But the Dnieper is still ice-bound. Somewhere
The Salado propels its floes, but the Roosevelt's
Frozen. The Oka is frozen solider
Than the Somme. The Minho slumbers
In winter, nor does the Snake
Remember August. Hilarious, the Canadian
Is solid ice. The Madeira slavers
Across the thawing fields, and the Plata laughs.
The Dvina soaks up the snow. The Sava's
Temperature is above freezing. The Avon
Carols noiselessly. The Drôme presses
Grass banks; the Adige's frozen
Surface is like gray pebbles.

Birds circle the Ticino. In winter
The Var was dark blue, unfrozen. The
Thwaite, cold, is choked with sandy ice;
The Ardèche glistens feebly through the freezing rain.

More by John Ashbery

For John Clare

Kind of empty in the way it sees everything, the earth gets to its feet and 
        salutes the sky. More of a success at it this time than most
        others it is. The feeling that the sky might be in the back of someone's
        mind. Then there is no telling how many there are. They grace
        everything--bush and tree--to take the roisterer's mind off his
        caroling--so it's like a smooth switch back. To what was aired in
        their previous conniption fit. There is so much to be seen everywhere
        that it's like not getting used to it, only there is so much it
        never feels new, never any different. You are standing looking at that
        building and you cannot take it all in, certain details are already hazy
        and the mind boggles. What will it all be like in five years' time
        when you try to remember? Will there have been boards in between the
        grass part and the edge of the street? As long as that couple is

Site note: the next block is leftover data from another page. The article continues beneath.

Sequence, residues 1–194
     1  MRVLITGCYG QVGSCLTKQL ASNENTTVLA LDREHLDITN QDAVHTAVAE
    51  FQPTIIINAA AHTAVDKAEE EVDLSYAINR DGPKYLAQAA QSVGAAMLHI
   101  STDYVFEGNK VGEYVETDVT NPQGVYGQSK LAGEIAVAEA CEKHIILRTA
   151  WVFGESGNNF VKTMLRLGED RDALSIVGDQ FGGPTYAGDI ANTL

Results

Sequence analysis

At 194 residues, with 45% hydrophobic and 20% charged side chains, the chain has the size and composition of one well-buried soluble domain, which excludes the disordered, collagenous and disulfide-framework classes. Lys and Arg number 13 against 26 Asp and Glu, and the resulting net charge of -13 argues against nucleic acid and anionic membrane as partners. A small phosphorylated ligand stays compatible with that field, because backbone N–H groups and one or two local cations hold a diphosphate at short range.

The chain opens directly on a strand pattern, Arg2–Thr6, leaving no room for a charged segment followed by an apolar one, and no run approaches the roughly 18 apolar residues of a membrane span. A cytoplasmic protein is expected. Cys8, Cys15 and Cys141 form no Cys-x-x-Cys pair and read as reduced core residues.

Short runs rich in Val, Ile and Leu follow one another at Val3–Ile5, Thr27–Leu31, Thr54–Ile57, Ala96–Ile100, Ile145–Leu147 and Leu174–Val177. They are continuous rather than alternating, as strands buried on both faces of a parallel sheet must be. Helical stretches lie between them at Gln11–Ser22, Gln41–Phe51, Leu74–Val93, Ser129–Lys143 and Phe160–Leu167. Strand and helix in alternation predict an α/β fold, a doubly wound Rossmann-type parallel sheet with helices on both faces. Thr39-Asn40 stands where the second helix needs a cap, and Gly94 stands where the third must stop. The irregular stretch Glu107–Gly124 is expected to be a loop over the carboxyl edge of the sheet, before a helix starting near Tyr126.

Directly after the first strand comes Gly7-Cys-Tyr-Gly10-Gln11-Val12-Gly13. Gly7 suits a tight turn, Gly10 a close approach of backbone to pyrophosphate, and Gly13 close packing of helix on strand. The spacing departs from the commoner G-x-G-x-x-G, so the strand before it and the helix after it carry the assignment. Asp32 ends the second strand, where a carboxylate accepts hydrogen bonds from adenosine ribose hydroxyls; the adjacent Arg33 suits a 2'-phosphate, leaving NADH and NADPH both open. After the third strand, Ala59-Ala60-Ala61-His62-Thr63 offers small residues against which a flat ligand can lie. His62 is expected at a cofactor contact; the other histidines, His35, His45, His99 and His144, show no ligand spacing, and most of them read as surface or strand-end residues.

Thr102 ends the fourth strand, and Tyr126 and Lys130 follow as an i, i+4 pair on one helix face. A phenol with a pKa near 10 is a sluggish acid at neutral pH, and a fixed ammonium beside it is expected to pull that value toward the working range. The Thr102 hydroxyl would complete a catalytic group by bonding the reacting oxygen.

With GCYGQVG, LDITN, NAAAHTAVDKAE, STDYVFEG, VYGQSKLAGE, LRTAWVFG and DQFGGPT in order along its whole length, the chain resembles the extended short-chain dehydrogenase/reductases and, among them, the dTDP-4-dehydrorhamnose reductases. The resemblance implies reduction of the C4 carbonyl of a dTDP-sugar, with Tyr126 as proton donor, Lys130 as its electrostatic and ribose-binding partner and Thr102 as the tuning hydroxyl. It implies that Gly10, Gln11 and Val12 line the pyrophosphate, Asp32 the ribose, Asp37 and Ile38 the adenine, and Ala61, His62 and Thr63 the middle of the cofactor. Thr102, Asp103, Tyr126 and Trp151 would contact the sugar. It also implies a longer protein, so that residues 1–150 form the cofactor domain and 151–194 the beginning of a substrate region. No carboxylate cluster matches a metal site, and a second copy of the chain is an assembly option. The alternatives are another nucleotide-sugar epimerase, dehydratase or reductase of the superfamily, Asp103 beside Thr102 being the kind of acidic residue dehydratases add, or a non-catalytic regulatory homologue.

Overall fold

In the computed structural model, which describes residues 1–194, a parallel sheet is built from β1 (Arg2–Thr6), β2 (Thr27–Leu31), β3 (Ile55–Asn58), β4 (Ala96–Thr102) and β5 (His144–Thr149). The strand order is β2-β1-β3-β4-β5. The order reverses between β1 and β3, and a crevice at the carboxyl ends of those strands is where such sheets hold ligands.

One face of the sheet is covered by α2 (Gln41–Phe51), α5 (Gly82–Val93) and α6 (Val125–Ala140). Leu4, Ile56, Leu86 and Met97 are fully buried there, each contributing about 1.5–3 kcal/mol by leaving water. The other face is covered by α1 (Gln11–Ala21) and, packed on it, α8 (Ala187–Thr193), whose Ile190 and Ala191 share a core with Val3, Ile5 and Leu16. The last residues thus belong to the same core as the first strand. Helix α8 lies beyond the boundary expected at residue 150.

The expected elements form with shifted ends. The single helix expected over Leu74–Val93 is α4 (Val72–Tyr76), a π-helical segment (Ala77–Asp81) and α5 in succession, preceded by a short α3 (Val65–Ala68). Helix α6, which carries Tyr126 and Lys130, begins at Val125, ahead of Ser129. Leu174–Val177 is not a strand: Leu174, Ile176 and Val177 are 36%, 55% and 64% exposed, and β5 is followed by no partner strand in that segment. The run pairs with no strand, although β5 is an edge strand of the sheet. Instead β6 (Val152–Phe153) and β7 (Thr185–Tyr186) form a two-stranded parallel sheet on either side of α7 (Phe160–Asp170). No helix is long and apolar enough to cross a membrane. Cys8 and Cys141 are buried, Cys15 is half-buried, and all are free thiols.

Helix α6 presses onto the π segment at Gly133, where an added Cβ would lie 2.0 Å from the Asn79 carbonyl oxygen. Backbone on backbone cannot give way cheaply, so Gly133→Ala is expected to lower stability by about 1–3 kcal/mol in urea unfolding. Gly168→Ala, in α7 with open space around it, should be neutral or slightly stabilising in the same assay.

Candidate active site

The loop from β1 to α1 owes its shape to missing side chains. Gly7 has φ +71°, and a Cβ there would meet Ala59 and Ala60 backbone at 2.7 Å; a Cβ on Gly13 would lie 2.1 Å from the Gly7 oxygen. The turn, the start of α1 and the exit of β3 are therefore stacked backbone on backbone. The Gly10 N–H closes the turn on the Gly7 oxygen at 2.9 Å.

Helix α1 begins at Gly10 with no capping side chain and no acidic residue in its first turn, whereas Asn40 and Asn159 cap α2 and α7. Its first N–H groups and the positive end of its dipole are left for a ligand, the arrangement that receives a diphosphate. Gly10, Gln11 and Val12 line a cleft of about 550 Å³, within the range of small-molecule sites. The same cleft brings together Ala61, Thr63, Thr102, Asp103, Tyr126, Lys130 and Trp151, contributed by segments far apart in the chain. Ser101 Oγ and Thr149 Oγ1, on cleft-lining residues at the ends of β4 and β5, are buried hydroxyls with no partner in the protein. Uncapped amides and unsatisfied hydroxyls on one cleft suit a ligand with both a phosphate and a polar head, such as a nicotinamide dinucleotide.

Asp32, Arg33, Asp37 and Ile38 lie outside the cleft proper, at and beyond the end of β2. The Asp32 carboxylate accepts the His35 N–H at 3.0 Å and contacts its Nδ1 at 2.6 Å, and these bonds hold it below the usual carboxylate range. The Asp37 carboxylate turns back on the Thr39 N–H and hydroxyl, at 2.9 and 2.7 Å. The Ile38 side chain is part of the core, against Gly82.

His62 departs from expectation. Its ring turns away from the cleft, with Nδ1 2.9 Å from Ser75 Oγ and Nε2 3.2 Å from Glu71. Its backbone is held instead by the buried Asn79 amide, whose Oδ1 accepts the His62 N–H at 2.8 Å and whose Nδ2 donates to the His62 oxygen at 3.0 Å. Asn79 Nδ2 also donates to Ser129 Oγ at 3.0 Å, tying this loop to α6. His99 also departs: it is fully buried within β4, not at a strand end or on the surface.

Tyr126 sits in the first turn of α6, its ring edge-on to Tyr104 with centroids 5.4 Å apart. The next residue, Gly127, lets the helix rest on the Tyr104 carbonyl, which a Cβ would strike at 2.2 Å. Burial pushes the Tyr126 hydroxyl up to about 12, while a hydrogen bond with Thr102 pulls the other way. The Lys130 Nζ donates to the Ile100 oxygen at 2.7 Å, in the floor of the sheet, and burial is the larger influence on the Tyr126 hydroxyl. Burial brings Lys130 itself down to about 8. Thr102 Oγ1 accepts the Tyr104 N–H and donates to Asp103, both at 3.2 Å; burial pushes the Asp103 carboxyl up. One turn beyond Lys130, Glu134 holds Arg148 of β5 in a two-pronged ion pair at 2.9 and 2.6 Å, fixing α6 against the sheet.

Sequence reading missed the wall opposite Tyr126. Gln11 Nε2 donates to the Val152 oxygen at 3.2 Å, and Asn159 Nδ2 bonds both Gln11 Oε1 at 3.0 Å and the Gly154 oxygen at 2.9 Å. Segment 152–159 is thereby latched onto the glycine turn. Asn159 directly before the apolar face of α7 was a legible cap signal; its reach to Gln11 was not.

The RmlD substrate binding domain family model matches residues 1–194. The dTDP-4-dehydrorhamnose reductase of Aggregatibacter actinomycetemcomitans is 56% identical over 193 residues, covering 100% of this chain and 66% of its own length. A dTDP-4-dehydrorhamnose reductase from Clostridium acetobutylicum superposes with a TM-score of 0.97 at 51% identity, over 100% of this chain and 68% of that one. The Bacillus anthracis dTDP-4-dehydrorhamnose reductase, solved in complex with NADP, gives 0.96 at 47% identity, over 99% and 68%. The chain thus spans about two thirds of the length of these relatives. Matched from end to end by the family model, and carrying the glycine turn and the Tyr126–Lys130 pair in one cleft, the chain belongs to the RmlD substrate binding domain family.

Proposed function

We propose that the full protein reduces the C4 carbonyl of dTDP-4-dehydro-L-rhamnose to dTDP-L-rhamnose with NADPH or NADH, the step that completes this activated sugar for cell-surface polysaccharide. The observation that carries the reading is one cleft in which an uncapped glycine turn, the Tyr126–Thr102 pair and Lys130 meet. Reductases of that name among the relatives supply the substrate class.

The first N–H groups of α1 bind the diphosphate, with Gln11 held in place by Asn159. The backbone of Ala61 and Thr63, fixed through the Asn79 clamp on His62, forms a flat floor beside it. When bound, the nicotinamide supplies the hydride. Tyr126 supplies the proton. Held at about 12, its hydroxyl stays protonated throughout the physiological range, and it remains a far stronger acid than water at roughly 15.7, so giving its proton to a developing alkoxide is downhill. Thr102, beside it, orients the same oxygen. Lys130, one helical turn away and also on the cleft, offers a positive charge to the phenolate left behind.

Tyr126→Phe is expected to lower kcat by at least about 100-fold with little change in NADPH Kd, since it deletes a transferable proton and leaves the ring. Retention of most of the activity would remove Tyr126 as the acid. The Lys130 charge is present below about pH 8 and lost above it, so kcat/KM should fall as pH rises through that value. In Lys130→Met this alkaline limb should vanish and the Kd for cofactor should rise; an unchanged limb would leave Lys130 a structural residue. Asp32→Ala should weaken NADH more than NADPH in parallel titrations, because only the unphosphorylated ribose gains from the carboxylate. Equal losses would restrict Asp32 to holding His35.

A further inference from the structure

stopping to look in that window over there we cannot go. We feel like
        they have to tell us we can, but they never look our way and they are
        already gone, gone far into the future--the night of time. If we could
        look at a photograph of it and say there they are, they never really
        stopped but there they are. There is so much to be said, and on the
        surface of it very little gets said.
        
 There ought to be room for more things, for a spreading out, like.
        Being immersed in the details of rock and field and slope --letting them
        come to you for once, and then meeting them halfway would be so much
        easier--if they took an ingenuous pride in being in one's blood.
        Alas, we perceive them if at all as those things that were meant to be
        put aside-- costumes of the supporting actors or voice trilling at the
        end of a narrow enclosed street. You can do nothing with them. Not even
        offer to pay.
        
 It is possible that finally, like coming to the end of a long,
        barely perceptible rise, there is mutual cohesion and interaction. The
        whole scene is fixed in your mind, the music all present, as though you
        could see each note as well as hear it. I say this because there is an
        uneasiness in things just now. Waiting for something to be over before
        you are forced to notice it. The pollarded trees scarcely bucking the
        wind--and yet it's keen, it makes you fall over. Clabbered sky.
        Seasons that pass with a rush. After all it's their time
        too--nothing says they aren't to make something of it. As for Jenny
        Wren, she cares, hopping about on her little twig like she was tryin'
        to tell us somethin', but that's just it, she couldn't
        even if she wanted to--dumb bird. But the others--and they in some way
        must know too--it would never occur to them to want to, even if they
        could take the first step of the terrible journey toward feeling
        somebody should act, that ends in utter confusion and hopelessness, east
        of the sun and west of the moon. So their comment is: "No comment."
        Meanwhile the whole history of probabilities is coming to life, starting
        in the upper left-hand corner, like a sail.